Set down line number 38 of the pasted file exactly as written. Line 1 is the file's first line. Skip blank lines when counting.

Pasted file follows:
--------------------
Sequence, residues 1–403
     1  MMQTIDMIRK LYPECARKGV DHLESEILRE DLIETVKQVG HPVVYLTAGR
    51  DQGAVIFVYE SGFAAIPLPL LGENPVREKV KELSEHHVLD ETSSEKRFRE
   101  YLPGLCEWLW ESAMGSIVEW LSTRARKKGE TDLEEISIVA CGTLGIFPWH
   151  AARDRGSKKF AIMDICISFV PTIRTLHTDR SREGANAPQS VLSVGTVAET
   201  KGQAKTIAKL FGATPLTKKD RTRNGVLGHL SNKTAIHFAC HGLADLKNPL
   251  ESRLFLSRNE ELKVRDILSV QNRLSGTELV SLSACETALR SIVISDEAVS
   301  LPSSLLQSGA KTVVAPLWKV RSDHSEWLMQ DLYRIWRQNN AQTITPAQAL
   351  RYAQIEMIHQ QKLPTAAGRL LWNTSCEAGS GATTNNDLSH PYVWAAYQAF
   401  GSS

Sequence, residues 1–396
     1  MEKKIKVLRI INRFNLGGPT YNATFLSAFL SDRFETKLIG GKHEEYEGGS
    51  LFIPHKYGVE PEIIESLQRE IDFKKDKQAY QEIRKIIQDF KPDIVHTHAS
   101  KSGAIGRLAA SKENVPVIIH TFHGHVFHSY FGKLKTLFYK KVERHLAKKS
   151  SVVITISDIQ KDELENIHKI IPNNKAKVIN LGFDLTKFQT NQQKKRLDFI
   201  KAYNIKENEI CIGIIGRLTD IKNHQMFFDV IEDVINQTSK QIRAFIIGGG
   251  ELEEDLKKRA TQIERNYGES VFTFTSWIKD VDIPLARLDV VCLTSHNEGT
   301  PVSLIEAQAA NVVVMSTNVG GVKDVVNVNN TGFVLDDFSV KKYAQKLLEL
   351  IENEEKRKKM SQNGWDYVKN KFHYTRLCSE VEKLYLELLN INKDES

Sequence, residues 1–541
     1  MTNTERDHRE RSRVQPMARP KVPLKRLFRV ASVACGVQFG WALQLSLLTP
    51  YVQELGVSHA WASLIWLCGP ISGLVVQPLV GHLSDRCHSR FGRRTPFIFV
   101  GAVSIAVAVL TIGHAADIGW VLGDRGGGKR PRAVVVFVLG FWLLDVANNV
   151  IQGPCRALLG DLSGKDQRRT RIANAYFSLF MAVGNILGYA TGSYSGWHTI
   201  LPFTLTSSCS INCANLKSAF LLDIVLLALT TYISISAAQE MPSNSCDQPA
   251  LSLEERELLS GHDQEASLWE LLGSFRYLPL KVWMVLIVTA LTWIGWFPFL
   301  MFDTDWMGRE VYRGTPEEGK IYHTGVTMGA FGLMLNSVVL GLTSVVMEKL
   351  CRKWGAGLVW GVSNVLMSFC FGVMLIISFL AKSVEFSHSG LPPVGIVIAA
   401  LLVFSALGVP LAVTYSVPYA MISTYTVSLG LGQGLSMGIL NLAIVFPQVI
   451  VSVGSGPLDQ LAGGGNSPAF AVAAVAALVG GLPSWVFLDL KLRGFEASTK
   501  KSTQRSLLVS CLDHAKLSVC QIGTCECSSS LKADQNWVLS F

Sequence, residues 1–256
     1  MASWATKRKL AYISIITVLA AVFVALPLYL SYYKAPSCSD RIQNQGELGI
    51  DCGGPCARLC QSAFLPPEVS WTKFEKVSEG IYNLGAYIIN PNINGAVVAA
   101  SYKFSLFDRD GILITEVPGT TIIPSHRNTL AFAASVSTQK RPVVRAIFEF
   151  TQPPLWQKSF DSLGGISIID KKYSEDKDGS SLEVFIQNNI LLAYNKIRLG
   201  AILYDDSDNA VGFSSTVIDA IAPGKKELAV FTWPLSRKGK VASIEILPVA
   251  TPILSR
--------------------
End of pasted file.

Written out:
   251  TPILSR